ONE SWELL THING about multiple marriages is that you get a recess between wives.
My recess between Wife #1 and Wife #2 was five years, and it was a great recess out there on the playground of naked women.
On the other hand, the recess between Wife #2 and Wife #3 was a spell of much misery and lasted seven years. Recesses can vary in tone.
One of the many happy things I did in the first recess was learn how to fly small planes.
A favorite activity during that time was landing a Cessna 172 at the New Orleans Municipal Airport right next to Lake Pontchartrain after an hour or so of fun flying over the swamps of south Louisiana or maybe a jaunt over to cornpone Mississippi.
During steaming summers, I would park the plane, hop aboard my 1977, black, Harley-Davidson Sportster, and haul butt about a mile south on Downman Road to a sprawling clapboard tavern that kept the air-conditioning in the neighborhood of 35 degrees year-round, or so it seemed, and it was sweet.
I was often alone and wearing cutoff jeans and a T-shirt that said San Juan. The best things about that bar, the name of which escapes me, aside from the air-conditioning, were boiled crawdads and chill Dixie Beer.
Not being rich enough to have my own plane, I joined a flying club, which basically was a bunch of folks who banded together to maintain a few small planes, and each of us paid a fee per hour to take one up. It’s how poor people fly, but in time even that system got too rich for me. By the late ’70s, I was a retired flyboy.
Much of my life back then was haphazard. My first flying lesson took place on July 23, 1974, with a lanky, hillbilly instructor named George Gunn. He was an inch taller than I am, and I’m 6’3″, so it was quite a squeeze in the cockpit of the tiny Cessna 150 training plane.
I first soloed on June 28, 1976, which was quite a spell later. I must have been paying more attention to Dixie beer and crawdads than I was to flying lessons with Gunn.
The last time I took a plane up was November 9, 1978. I still have my logbook. Later, I went up in a hot-air balloon, parachuted once and put in some training hours in gliders.
There were only two times I ventured far from the skies over South Louisiana and Mississippi. Once was a Christmas when Wife #2 and I flew to Southwest Georgia to visit my parents and sister out in the boonies.
Due to a menacing weather forecast, we left early to return to New Orleans on Christmas Eve morning.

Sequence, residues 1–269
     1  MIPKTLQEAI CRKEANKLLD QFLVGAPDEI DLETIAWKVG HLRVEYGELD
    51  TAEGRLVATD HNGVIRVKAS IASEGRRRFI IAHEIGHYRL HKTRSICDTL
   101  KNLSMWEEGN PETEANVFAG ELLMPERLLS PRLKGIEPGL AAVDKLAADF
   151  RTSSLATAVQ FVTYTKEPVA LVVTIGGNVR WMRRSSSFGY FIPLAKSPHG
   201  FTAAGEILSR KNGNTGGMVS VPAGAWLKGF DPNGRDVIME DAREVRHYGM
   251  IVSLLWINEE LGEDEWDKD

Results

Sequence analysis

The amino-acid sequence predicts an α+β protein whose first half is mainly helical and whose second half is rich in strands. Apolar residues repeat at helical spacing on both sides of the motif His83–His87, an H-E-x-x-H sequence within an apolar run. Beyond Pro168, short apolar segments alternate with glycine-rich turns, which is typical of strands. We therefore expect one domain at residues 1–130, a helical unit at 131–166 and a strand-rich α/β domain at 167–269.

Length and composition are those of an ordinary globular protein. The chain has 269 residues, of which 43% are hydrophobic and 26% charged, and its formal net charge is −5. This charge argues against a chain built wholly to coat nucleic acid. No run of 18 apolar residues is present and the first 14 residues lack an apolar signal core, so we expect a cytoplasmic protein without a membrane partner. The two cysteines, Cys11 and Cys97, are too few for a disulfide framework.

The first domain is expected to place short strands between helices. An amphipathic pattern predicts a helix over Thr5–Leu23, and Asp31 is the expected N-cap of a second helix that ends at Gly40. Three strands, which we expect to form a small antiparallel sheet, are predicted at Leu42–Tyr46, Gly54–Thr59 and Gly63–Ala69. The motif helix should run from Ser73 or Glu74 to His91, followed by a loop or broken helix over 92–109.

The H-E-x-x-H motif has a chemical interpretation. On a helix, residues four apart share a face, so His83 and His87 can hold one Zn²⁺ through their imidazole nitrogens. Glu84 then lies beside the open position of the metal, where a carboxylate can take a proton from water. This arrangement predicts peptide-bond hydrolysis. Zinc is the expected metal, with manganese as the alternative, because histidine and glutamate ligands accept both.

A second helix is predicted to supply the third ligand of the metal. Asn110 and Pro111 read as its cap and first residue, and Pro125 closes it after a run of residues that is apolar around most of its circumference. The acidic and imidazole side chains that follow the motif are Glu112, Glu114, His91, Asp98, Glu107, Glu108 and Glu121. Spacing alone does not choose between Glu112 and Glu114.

We were forced down, hair-raisingly, in rain and buffeting winds at the airport at Dothan, Alabama, where we spent the night in a motel, not much of a Christmas, trust me.
The second venture was down to the border where I flew with two friends to visit the sins in Nuevo Laredo, Mexico. This flight too presented problems. First, I neglected to adjust the altimeter to the higher altitude of the airport in Laredo, Texas. As I entered the pattern to land, a birdie whispered that I was quite low. I didn’t understand why until after I landed and a light bulb ignited over my head. Whoops!
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Radio out, overshooting runway
Flying back to New Orleans from Laredo the next day, the plane’s radio went out. I could hear transmissions directed at me, but nobody could hear my response. But before that happened, we were forced to land at Galveston, Texas, due to bad weather, again. I did not have the proper license to fly in bad weather.
I was a fair-weather pilot.
Two of us spent the night in a motel, but the other companion decided to return to New Orleans in a bus. He said he was in a hurry, but I believe he’d just lost his nerve, the panty-waist.
Early the next morning, we took off again, one man lighter, and it was over Southwest Louisiana that the radio went out. Some airports allow landings without a radio. Some do not. New Orleans is one where you cannot.
Just north of Lake Pontchartrain is a small airport in the piney woods. I needed to land there to phone the New Orleans control tower to let them know to expect me. That’s one solution to not having a radio.
Here’s how I landed at that airport in the tall piney woods: badly. Due to those tall trees, you must come in rather steeply and level out at the last moment. Alas, it was a very windy day. To offset that added peril, I came in faster than usual and landed farther down the runway than I would have done in a perfect world.
When the tires finally screeched down, halfway down the short runway, my passenger and I watched as the trees at the other end got nearer and nearer with alarming rapidity. I braked like nobody’s business.
The concrete runway ran out.
And we were still barreling along — through high weeds. But we stopped short of the trees.
We taxied to a hangar where I phoned the other airport. An hour later we landed in New Orleans uneventfully. I believe that flight was my last. I decided to stick to motorcycles, crawdads and Dixie Beer.
And I did that with a vengeance.